In the fight to keep Earth from rapidly warming, humanity is relying on three primary methods: market solutions like carbon taxes and emissions trading; behavioral solutions like convincing people to drive electric cars and eat less meat; and geoengineering solutions, which involve manipulating the environment. One proposed example involves dumping limestone into the sea to combat ocean acidity and increase carbon sequestration.
There’s a fourth method that has rarely, if ever, been discussed: engineering humans to become more effective at mitigating and adapting to climate change. In a new paper, professors from Oxford and New York University explore some of the ways that humans could be engineered.
This would involve giving people a drug to make them want to do things for the common good. The paper explains: "There is evidence that higher empathy levels correlate with stronger environmental behaviors and attitudes. Increasing altruism and empathy could also help increase people’s willingness to assist those who suffer from climate change. While altruism and empathy have large cultural components, there is evidence that they also have biological underpinnings." Needless to say, there are ethical problems with changing the way people feel, though it could be argued that we already do this all the time with drugs that make people less depressed and anxious.
The researchers point out that in the U.S., women with lower cognitive ability are more likely to have children before age 18. If a drug existed to enhance cognition, maybe people would have fewer kids, and in turn there would be less of a burden on the environment in the future.
Smaller people need less food, less clothing (in terms of materials required for each item), and generally have a lighter ecological impact than larger people. Why not shrink humanity, then? The researchers speculate that we could use genetic engineering or hormone treatments to make sure the next generation is smaller than us. This is perhaps unfair to the future generation—assuming that not everyone gets the "smallness treatment," there will be a tiny group of a humans and a larger group of humans who might be blamed unfairly for contributing to worsening climate change (or who might be huge bullies). The kids, of course, get no say in whether they are chosen to be one of the small people.
Livestock farming accounts for over half of the planet’s greenhouse emissions. Much like people who want to quit smoking use nicotine patches, people who want to lessen their climate impact by consuming less meat could use meat patches that make animals taste disgusting.
These are all climate mitigation techniques. Adaptation would require a different set of enhancements for humans. Anders Sandberg, one of the authors of the paper, tells Co.Exist in an email: "Thinking about possible strains on humans, temperature tolerance is an obvious enhancement that might be good. But I think water management may be the big thing. Climate change is likely to cause a lot of water stress in many places, making improved ability to economize water a very useful change. However, the big human need for water is for agriculture rather than drinking, so adapting crops to be low-irrigation might be more important."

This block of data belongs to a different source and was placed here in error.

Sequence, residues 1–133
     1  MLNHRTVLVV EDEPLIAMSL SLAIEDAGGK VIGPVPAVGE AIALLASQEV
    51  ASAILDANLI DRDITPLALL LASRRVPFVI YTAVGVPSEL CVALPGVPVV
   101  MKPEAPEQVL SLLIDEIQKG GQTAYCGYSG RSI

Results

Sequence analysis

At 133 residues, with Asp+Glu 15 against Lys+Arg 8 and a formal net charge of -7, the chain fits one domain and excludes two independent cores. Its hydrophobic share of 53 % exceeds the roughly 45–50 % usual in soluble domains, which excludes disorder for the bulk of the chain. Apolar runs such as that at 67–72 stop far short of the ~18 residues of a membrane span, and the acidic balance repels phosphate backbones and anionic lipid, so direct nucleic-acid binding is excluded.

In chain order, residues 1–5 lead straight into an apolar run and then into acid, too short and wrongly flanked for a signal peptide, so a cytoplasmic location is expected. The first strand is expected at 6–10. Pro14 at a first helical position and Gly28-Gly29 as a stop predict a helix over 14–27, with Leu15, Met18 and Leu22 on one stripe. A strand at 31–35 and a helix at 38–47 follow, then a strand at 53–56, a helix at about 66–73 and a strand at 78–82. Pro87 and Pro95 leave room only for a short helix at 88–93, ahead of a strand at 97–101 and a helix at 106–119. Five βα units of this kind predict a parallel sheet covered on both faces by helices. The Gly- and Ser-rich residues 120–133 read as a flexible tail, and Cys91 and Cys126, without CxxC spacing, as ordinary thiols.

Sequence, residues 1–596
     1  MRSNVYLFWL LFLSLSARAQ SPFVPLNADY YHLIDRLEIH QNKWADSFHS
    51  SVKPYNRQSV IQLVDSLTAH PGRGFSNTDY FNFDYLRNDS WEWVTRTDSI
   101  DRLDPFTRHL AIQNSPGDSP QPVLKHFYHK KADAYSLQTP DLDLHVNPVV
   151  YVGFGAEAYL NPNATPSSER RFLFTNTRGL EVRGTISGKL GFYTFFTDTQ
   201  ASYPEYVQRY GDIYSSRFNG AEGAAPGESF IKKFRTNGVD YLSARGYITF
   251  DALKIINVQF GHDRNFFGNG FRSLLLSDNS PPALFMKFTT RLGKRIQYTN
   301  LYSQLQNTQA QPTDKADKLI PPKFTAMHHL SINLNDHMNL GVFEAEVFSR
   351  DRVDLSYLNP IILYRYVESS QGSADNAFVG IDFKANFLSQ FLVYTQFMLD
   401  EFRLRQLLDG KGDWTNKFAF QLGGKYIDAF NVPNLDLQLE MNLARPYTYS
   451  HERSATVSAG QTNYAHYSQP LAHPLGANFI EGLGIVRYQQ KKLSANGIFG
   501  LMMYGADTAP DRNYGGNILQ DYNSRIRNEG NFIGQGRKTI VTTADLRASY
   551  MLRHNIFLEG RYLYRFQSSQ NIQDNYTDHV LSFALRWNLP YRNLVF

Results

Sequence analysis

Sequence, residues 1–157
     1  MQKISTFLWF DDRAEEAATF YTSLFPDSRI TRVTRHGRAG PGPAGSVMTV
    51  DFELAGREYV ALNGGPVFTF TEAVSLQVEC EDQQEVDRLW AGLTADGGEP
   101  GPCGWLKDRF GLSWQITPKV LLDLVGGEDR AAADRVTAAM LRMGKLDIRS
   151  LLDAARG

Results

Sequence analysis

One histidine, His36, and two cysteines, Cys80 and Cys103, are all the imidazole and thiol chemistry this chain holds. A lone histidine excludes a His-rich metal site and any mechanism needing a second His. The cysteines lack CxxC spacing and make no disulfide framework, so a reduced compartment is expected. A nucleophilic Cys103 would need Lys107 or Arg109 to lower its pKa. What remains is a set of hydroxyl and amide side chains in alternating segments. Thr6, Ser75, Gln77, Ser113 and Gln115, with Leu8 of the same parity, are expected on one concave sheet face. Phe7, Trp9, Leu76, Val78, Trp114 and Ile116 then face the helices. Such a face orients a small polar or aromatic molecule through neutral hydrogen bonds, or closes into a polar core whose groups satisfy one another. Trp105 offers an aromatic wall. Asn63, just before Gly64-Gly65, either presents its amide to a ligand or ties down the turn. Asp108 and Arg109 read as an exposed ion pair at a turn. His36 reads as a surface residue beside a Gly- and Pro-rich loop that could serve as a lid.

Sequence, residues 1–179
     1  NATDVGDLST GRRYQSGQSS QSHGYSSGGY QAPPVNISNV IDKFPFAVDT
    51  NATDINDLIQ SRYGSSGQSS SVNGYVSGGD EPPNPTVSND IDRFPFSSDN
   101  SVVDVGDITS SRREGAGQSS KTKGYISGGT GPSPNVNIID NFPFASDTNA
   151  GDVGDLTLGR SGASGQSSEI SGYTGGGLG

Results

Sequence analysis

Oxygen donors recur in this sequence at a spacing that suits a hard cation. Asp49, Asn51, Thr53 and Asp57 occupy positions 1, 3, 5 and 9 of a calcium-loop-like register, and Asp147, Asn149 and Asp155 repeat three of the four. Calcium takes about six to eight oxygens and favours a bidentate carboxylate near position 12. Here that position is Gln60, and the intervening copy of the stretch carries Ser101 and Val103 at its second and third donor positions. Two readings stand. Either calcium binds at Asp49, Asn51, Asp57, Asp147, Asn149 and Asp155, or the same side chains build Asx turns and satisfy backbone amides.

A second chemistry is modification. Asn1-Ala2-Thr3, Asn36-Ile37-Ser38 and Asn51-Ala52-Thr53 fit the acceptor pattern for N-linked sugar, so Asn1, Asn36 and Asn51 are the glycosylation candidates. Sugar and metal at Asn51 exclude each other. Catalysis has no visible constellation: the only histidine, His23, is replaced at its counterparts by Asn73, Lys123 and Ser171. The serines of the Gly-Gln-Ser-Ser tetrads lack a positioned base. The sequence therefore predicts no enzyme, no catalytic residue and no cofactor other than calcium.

None of the professors involved in the paper are climate scientists—two are philosophers and one is a computation neuroscientist focusing on the societal and ethical issues of human enhancement and new technology. And they are not actively promoting the ideas they explore, despite what the many commenters on a recent Atlantic interview with one of the study authors seem to think.
The authors realize the troubling implications of their work. What if the government forced everyone to wear meat patches, take empathy pills, or have smaller children? It’s possible that certain big corporations and governments who don’t want to deal with conventional forms of climate change mitigation might foist these more dramatic measures on the public if they became widely available.
"No doubt governments might want to incentivize people, just like they do today on a lot of climate-related matters. However, I suspect the threshold for Western governments to actually incentivize biological modifications is very high. If nothing else, the reactions to our paper shows that this idea is not very anchored in our current culture," writes Sandberg. "A totalitarian state would have much more efficient—and nastier—ways of achieving green ends."
In any case, by the time human engineering technologies are ready, it might be too late to even think about climate change mitigation. "If one wants fast results, we need to change things downstream rather than upstream. Geoengineering like spreading aerosols have near-instant climate effects. Changing people’s minds, biology, or consumption habits is slower, and even if they changed it would take a long while before those changes percolated into the climate," Sandberg admits.
If we have the time, resources, and desire to work on human engineering, maybe we should focus on solutions with more widespread appeal—and a better safety profile—instead.